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F-1? What the?

This section of my F-1 page is dedicated to people who are new to Formula 1 Racing; people who are seasoned veterans, but want to learn the more detailed facts; or anyone in-between.

In this page, I will explain what Formula 1 is all about, and how it works. I hope that you will get a better understanding of the sport, from what flags mean, to how a pit stop works. If you have any suggestions or input, please send it to me at:

A Formula One car.

(A Stewart car to be precise)


The start of it all....

What happens during the race weekend?

What happens on race day?

How do the points work?

Some general F-1 facts

What are they waving those flags for?

Some technical facts

What's the difference between CART/Indy cars and F-1?

How do drivers get their numbers?

What's A Safety Car?

In The Beginning:

Formula One racing started in 1950 when Italian Giuseppe Farina won the very first World Championship driving an Alfa Romeo. Today the FIA Formula One World Championship is a truly international event attracting millions of spectators and even more television viewers. This season the championship will be held over 17 rounds.

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Race Weekend

A short summary of what happens during a race weekend:


First and second practice sessions are held. The first is usually in the morning, with the second in the afternoon. These times are not important, but are instead used to get rid of last-minute problems, and to perfect the race setup. It also helps the driver to learn the track better.


Qualifying session is held. This is a 60 minute session, where the drivers try to get the fastest time possible. Drivers are only allowed to make 10 laps of the track in the 60 minutes, so strategy is important. The driver with the fastest time at the end of the 60 minutes gets to start first on the grid in the race. Second fastest gets second on the grid, and so on....


Sunday is race day! There is a 30 warm-up before the race, in which the drivers can freely get a last chance to hone their skills. Next is the race! (See below)

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Race Day:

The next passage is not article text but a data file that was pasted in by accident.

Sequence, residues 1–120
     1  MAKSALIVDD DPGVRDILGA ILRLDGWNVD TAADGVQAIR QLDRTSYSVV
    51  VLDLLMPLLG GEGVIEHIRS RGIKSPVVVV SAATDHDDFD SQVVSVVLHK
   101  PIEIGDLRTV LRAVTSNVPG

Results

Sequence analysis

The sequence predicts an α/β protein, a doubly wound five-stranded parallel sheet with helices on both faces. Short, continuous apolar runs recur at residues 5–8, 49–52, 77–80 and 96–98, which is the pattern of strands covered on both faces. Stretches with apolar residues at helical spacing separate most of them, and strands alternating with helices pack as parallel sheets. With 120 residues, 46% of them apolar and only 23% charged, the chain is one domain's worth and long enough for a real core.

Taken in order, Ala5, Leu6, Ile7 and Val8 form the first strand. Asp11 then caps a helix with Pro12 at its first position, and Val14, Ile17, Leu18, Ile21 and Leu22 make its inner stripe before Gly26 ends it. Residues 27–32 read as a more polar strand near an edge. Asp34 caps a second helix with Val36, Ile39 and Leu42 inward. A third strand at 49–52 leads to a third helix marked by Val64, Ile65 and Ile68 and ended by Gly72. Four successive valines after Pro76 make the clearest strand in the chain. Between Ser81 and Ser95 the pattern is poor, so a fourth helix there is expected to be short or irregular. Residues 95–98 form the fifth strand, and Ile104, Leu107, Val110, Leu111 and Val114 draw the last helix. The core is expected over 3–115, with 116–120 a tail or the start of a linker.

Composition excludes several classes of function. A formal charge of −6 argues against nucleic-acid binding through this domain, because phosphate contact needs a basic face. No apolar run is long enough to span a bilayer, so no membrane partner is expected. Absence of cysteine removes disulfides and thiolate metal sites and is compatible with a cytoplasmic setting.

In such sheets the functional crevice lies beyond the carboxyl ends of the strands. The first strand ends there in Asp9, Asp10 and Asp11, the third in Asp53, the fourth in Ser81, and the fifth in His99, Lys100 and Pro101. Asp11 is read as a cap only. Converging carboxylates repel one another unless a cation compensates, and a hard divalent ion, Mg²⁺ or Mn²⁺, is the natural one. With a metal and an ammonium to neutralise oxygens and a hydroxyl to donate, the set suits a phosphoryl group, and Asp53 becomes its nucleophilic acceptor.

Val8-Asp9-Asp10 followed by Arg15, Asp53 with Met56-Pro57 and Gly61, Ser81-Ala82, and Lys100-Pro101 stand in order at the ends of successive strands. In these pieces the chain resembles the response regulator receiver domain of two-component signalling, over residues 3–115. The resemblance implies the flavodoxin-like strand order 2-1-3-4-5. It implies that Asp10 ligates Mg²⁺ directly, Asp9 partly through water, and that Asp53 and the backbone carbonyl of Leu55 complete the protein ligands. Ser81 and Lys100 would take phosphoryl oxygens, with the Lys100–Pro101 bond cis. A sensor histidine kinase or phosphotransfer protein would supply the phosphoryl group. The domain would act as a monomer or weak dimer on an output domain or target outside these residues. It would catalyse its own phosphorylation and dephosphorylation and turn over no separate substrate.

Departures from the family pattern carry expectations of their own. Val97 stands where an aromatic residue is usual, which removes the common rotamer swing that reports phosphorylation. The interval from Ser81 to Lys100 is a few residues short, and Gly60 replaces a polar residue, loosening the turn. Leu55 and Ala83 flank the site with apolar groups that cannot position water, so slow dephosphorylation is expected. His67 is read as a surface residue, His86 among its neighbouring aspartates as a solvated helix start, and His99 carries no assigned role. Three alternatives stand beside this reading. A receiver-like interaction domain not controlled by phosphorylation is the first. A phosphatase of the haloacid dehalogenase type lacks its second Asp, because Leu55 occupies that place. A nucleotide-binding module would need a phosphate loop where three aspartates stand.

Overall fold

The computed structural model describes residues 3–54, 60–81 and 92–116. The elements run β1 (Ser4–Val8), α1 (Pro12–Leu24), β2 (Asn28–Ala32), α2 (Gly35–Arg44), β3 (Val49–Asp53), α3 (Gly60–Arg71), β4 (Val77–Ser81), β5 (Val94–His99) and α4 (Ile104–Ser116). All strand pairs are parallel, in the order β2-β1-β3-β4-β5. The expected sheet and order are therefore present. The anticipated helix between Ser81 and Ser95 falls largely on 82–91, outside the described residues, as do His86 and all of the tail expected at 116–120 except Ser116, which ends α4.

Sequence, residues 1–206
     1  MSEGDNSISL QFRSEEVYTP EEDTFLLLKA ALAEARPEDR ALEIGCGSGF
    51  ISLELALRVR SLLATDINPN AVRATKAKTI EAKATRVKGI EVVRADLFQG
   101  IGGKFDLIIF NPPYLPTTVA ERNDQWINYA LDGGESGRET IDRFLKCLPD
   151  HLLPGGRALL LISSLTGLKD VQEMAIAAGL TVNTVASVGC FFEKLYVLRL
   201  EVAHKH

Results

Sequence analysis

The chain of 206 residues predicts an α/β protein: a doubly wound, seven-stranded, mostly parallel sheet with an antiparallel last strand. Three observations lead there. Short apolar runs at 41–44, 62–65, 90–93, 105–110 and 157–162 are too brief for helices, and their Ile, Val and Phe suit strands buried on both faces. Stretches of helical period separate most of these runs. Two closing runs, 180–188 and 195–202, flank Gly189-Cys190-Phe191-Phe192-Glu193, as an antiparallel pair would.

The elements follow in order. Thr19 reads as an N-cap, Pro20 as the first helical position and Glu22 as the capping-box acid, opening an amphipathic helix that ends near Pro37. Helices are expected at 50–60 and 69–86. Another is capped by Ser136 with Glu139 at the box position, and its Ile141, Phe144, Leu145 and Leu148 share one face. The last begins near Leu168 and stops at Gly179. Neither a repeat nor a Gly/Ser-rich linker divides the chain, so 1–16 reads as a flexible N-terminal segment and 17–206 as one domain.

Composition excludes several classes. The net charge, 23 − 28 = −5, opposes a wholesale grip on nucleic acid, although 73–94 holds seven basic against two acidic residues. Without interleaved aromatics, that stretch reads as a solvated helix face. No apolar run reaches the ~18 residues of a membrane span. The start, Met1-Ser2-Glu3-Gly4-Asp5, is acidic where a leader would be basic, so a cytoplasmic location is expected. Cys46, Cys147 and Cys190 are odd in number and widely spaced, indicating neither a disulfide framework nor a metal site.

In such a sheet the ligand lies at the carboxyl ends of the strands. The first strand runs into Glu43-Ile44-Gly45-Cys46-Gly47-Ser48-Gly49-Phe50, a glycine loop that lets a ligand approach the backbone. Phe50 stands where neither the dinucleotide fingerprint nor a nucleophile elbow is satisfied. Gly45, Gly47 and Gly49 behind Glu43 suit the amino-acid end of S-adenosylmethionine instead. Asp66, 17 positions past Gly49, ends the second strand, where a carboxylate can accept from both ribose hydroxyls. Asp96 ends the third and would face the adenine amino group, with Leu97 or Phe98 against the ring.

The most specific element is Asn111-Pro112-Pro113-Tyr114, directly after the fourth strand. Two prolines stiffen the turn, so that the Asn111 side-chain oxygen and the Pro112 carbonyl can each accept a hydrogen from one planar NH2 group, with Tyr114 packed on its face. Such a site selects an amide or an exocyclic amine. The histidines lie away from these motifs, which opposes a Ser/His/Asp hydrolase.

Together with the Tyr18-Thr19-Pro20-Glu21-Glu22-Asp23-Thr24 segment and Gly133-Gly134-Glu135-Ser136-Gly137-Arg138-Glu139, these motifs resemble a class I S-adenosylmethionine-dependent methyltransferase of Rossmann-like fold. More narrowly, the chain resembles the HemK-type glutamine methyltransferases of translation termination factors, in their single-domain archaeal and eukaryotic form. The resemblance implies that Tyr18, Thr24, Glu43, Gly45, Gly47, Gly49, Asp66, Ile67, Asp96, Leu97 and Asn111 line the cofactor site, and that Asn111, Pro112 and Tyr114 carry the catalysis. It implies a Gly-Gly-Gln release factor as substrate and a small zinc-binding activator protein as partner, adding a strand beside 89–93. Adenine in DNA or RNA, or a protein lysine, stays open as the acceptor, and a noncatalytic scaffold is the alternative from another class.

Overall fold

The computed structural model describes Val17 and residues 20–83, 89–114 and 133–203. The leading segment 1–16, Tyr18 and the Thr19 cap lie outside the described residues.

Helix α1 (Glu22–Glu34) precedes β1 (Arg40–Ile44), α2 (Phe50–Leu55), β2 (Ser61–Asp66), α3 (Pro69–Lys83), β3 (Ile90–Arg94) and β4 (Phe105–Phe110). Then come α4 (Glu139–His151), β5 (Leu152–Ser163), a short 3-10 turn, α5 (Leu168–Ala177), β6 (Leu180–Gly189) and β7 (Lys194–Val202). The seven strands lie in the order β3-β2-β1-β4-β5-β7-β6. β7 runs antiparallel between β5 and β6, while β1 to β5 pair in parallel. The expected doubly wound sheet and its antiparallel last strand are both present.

A short summary of what happens on race day (Sunday), and at what times:

30 minutes before the start:

The pit exit is opened to allow cars out onto the grid, and then closed again 15 minutes later, any car remaining in the pits can start only after the entire field has passed the exit on the first racing lap.

Ten minutes:

Everybody except drivers, officials and team members must leave the grid.

One minute
Engines start - team technical staff leave grid.

0 seconds
Green lights
Cars advance on formation lap (A single lap around the track to warm up tires and brakes) (Cars must remain in starting order. Overtaking is forbidden.)
When all the cars have taken up their correct positions the starter will initiate the start sequence. A row of red lights above, and in front of, the drivers heads turn on in a one to five sequence (light one on, light two on, etc..). Then there is a short pause. Then all five red lights are extinguished and race is under way!

Stopping the Race

The race may be stopped as a result of accidents or rain: if less than two laps have been completed, the cars return to their original grid positions and the race is restarted.

If more than two laps have been completed, but less than 75% of the race has been completed, a re-start takes place with the cars taking the position at the time the race was stopped. The drivers time from each race will be added together for the overall total race time.

The distance of the re-started race is that distance required to make up the race distance, less three laps. If more than 75% of the race had been run, it is deemed to have been completed.

Race Distance

The smallest number of laps which exceed a distance of 305km (190 miles). If the race takes longer than the two hour limit - the checkered flag is shown to the leader at the end of the lap in which two hours elapse, even if the scheduled distance has not beam covered.

After the Race